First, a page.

The players decided that they didn’t know each other before the adventure and that they met for the first time in The Whistling Stag. Each of them arrived alone and sat at the bar. By midday all four barstools were taken and the PCs realized that the rest of the patrons just assumed that these strangers were together.

Many of the locals in the tavern were abuzz about a recent ghost sighting. Apparently this ghost first appeared a week ago and every night since has walked through the town. The PCs were somewhat disinterested so I had the Mayor show up and engage them. He explained that although the ghost hadn’t yet hurt anyone the people were fearful. If the PCs could investigate he’d be grateful and would cover their room costs while they’re in town. They eventually accepted.

The PCs mingled with the locals gaining some information about the ghost sightings.

  • A young Human named Hurst tried to mask his fear of the ghost and undead in general by teasing and insulting the Revenant and Vampire. The PCs learned that Hurst and Drana, a half-elf with hair like Rogue of the X-men, were the first people to spot the ghost. After the Highharvesttide celebration five nights ago they saw the phantom – a tall, thin Human male in armor – walking northeast trough the village.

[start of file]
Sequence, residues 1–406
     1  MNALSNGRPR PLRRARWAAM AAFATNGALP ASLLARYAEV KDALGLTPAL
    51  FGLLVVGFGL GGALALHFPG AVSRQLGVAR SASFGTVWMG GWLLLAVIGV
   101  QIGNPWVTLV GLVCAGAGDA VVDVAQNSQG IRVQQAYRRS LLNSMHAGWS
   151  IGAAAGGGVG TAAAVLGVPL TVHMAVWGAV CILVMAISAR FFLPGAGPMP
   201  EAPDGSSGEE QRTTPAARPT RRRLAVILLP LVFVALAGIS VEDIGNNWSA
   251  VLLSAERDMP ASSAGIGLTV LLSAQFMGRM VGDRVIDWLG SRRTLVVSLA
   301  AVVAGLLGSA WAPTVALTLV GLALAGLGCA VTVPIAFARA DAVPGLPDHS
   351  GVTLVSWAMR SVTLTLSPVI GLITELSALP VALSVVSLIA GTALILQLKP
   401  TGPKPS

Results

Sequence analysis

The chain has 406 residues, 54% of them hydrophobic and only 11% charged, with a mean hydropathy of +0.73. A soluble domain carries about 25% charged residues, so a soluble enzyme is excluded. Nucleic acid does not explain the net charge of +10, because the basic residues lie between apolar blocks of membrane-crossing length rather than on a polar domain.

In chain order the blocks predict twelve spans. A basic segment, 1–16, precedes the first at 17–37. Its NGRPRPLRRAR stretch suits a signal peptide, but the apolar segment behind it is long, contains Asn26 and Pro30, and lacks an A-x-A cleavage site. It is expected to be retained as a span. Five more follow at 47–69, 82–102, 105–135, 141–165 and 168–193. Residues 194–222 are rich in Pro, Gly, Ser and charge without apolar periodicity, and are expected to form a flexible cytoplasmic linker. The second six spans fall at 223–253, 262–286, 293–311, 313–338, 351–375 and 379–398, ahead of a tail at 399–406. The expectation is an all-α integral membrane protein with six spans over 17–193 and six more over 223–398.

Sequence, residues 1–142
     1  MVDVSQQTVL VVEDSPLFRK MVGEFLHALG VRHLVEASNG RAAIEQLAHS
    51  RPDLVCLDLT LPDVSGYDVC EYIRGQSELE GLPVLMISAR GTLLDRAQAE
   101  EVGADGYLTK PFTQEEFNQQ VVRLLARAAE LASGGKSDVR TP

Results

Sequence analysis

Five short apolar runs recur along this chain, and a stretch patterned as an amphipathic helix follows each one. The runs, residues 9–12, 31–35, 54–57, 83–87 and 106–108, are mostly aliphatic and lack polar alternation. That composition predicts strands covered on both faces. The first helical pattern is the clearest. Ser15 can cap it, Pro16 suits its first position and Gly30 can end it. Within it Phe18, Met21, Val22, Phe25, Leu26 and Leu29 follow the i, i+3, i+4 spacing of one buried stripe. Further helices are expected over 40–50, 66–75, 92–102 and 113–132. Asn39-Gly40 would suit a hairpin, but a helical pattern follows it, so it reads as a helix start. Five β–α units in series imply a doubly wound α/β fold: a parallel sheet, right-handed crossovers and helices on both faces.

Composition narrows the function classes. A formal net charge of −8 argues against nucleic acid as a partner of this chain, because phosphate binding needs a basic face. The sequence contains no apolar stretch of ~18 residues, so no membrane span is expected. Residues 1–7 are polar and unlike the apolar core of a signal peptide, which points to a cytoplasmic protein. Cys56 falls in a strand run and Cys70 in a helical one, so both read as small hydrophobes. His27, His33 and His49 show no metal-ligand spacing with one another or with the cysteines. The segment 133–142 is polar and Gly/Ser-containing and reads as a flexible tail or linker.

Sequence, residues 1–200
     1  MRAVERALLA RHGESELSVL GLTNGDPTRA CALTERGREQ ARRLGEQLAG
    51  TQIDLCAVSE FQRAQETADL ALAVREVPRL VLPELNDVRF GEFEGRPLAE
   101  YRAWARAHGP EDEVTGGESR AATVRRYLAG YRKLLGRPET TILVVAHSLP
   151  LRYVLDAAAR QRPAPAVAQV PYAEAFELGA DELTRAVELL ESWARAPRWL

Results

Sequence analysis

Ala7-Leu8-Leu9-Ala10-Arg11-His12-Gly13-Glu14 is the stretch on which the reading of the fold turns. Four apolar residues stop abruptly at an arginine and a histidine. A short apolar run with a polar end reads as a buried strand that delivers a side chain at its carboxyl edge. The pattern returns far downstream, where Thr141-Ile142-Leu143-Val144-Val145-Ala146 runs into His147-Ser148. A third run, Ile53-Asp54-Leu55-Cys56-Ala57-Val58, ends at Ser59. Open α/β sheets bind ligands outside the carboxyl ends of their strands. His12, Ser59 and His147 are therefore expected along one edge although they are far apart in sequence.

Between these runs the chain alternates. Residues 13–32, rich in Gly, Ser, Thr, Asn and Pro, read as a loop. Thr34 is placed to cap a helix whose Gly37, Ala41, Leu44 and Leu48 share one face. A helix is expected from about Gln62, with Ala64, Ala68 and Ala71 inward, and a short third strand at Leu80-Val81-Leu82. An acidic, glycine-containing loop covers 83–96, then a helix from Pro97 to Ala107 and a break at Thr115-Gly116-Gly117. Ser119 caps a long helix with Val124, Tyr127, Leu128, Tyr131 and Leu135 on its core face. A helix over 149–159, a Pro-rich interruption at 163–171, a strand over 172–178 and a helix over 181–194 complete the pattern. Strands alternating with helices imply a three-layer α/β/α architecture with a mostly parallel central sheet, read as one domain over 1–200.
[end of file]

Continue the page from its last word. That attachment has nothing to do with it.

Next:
• A gawky teen named Grainge (whom I voiced like the nerdy teen from the Simpsons) saw the ghost enter the village by stepping through the southeast palisade.
  • A very strong and somewhat manish Half-elf female named Faella tried to hide her fear of the ghost behind a mask of strength. She took a shining to the party’s dim-witted Half-orc.
  • An older, silver-haired Human named Rennick, clearly a retired adventurer, answered any other questions the PCs had about the village or the ghost sightings.

Scene 2 – Investigating the Phantom: A Secret Conference